Friday, 6 November 2009

Children and happiness

Children and happiness, a posting for Eric. One common result from empirical studies on the happiness of people is that the number of children has a negative impact on happiness indicators. The more kids, the lower the happiness of people. This rises an obvious question: Why would people have children? Bad luck? Social pressures? Stupidity? An less obvious answer to this question is that the empirics underlying the result are flawed.

Over at the Economic Logic blog it is noted that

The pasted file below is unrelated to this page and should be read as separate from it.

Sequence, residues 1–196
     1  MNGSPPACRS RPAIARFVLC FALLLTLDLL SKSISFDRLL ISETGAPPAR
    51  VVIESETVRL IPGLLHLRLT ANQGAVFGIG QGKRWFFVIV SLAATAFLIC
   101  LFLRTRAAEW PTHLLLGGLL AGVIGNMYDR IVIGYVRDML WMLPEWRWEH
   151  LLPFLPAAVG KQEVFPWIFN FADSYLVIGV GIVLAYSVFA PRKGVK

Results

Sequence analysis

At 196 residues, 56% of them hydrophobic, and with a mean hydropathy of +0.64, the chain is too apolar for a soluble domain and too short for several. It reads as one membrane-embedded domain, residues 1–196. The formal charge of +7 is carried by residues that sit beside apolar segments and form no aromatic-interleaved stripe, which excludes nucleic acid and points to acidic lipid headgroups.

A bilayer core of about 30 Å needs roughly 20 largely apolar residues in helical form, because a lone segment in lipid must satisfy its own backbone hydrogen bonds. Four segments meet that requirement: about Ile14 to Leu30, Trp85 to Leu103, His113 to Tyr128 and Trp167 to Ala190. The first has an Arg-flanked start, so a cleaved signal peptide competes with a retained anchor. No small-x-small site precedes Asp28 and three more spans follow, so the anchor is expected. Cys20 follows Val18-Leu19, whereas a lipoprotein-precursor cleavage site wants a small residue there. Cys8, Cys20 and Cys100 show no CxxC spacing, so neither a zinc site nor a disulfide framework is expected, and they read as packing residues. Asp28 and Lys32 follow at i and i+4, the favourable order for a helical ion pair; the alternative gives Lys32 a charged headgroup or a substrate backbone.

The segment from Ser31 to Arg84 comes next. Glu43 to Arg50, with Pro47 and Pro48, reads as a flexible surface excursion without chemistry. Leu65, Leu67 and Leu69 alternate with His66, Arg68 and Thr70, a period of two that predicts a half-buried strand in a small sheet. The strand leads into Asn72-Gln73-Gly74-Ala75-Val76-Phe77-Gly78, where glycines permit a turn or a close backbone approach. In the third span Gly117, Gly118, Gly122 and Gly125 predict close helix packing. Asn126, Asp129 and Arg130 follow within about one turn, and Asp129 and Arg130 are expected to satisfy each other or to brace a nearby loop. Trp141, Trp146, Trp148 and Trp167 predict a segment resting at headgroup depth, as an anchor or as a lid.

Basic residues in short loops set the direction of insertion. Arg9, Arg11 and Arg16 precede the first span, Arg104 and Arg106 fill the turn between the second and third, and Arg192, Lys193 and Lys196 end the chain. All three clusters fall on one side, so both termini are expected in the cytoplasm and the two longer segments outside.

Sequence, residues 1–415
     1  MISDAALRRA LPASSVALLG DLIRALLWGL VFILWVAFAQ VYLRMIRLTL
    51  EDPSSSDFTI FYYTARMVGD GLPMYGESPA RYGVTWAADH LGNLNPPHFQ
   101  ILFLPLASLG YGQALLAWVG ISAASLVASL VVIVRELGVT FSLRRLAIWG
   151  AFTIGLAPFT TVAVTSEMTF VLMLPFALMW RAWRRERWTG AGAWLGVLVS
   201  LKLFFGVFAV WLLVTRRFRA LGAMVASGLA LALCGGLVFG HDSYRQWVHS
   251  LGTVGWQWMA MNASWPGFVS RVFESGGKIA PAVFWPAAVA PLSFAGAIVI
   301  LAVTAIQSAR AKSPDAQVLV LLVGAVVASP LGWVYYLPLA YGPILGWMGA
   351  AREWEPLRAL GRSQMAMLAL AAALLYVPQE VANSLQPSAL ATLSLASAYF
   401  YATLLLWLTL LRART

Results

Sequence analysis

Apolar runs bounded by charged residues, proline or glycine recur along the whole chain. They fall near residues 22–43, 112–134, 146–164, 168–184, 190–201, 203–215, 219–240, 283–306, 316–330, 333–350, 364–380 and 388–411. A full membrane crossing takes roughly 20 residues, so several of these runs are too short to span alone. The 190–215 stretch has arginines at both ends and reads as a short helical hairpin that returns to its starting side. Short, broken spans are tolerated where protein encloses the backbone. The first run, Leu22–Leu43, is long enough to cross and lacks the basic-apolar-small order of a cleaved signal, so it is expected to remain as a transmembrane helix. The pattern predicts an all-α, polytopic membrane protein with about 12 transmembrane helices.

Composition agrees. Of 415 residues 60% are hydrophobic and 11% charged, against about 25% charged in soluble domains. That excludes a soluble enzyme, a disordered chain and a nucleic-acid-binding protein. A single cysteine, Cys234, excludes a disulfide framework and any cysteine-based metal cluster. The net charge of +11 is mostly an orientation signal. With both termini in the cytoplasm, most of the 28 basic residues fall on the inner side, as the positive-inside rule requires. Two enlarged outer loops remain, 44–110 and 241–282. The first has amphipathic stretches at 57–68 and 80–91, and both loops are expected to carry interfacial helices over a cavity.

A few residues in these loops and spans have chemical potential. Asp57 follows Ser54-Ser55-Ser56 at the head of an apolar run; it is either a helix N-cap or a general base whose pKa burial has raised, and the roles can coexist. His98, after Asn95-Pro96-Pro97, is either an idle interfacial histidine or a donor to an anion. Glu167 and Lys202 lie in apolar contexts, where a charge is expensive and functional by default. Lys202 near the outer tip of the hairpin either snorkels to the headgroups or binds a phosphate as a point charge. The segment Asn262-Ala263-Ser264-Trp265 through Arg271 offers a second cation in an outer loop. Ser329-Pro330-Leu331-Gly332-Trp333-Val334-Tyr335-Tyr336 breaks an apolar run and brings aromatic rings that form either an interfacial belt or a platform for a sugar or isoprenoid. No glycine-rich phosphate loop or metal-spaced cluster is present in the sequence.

Leonardo Becchetti, Elena Giachin Ricca and Alessandra Pelloni find that the typical way the empirical studies are conducted is flawed. Among the controls, there is usually income. But this make it difficult to disentangle the monetary for the non-monetary impact of children. Using equivalised household income (income adjusted for the number of people in the household) allows to focus only on the impact on happiness, and children now have a positive impact. Decomposing their sample (the German Socio-Economic Panel), they find that opportunity costs do matter. Theory is saved.
So two kids is better than just one.

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